The History channel fell off the rails many years ago. It used to be a favorite of mine until it became "The Hitler Channel" (so many documentaries on Nazi Germany) and then finally the "Woo woo" channel.

All of the good documentary channels seem to have eventually degenerated.

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Response to exboyfil (Reply #2)

Tue Jul 11, 2017, 11:58 AM

4. How much time did you put into trying to bend spoons?

I built my own model pyramid to see if it would sharpen my dad's razor blades!

I don't know if that stuff is good for kids or not. I ate it all up for years, until finding out.... um, you know, there is another side of this conversation.

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Response to jberryhill (Reply #4)

Tue Jul 11, 2017, 12:03 PM

6. I never got that far

Probably too lazy.

I do hate the fact that Spock lied to me. How to crush the dreams of a child.

Confirmation bias is a very dangerous thing. That is why the scientific method is so vital (double blind, independent experimentation, peer review). Even with those safeguards we still get into trouble especially when the facts do not lead to what you need (or want) to be true.

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Response to jberryhill (Reply #4)

Tue Jul 11, 2017, 12:45 PM

17. I have one, great Uri Geller story.

In 1976, I was living in my very first apartment. One night, Geller was on a tv show doing the spoon bending bit. I tried a few times with no luck. Then he asked everyone at home to go and find a broken watch and he would fix it over the airwaves. I found my old Big Boy watch and followed along with his instructions. The watch never started working, of course.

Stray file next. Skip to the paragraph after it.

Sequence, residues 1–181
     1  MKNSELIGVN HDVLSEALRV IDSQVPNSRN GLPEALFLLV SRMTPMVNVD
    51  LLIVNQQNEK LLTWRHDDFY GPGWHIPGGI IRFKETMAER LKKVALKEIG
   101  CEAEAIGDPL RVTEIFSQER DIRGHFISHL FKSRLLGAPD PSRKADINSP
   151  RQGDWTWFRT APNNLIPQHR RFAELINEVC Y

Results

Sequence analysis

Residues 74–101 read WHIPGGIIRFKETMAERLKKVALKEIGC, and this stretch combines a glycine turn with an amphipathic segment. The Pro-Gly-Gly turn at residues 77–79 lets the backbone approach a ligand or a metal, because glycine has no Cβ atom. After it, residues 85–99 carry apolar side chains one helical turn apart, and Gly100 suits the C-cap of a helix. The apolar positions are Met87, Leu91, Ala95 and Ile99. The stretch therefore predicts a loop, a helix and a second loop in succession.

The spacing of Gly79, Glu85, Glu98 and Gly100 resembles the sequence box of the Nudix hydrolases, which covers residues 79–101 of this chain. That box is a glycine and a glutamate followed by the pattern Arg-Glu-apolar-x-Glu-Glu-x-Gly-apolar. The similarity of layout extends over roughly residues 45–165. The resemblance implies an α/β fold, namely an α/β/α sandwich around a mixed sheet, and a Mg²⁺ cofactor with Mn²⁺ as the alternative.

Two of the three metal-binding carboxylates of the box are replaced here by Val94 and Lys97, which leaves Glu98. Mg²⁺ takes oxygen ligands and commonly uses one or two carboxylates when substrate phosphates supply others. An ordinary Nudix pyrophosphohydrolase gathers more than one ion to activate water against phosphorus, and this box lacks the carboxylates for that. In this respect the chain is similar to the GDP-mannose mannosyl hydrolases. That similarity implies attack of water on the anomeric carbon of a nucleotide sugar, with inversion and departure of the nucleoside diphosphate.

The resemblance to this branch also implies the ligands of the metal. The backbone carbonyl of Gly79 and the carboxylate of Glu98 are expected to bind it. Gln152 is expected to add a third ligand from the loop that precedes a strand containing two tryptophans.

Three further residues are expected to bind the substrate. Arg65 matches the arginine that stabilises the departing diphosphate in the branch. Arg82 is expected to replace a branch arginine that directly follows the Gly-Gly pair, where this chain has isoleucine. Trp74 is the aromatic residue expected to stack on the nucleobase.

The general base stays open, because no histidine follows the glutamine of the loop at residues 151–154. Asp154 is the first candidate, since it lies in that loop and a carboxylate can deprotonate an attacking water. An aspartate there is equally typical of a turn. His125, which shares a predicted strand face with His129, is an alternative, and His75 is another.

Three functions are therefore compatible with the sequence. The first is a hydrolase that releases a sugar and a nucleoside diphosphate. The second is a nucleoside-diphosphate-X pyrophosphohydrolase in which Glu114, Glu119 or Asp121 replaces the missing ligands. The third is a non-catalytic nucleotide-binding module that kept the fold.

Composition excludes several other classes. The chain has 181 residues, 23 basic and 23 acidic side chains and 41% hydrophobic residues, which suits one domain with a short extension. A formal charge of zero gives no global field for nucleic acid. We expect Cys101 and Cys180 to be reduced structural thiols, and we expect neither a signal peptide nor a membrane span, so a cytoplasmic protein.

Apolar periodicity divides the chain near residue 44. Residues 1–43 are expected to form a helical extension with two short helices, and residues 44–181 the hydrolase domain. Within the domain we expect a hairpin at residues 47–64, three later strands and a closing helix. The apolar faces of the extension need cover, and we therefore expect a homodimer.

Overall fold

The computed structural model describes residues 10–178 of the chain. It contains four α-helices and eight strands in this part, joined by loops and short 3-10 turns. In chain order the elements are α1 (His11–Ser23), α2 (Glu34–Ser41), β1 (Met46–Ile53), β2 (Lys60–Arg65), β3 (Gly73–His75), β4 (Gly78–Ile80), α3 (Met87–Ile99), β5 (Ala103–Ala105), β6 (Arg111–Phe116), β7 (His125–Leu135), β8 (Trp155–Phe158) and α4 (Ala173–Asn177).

The next morning I got in my car, a 1969 Olds 98 I had bought from my father. The clock in the car never worked from the time I bought it. Not only was the clock working but it was set within a few minutes of the correct time.

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Response to louis-t (Reply #17)

Tue Jul 11, 2017, 12:48 PM

20. I love the remote watch fixing thing

...and they'd usually ask people to call or write if their watch/clock started working.

So, you have thousands and thousands of people all pulling out a watch or clock that hasn't been handled in a while and, sure enough, a subset of those watches are going to start ticking just from being handled.

Gellar was a master at "taking credit" for coincidences or unusual things that would happen around him. You just keep pointing them out, and people start to think "wow, all kinds of things happen when he's around".

I learned to "fix" broken lights in parking lots that way. Whenever you drive by some place and a light comes on, point it out to your passenger. They'll start noticing it on their own after a while. Works great at dusk.

"I mean, sure the lights come on automatically, but notice how often they do it when I pass by!"

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Response to jberryhill (Reply #20)

Tue Jul 11, 2017, 01:28 PM

24. He would say to "warm it up in your hand".

If the parts were stuck due to a sticky lubricant, the heat from your hand would sometimes unstick it. That was my thought at the time.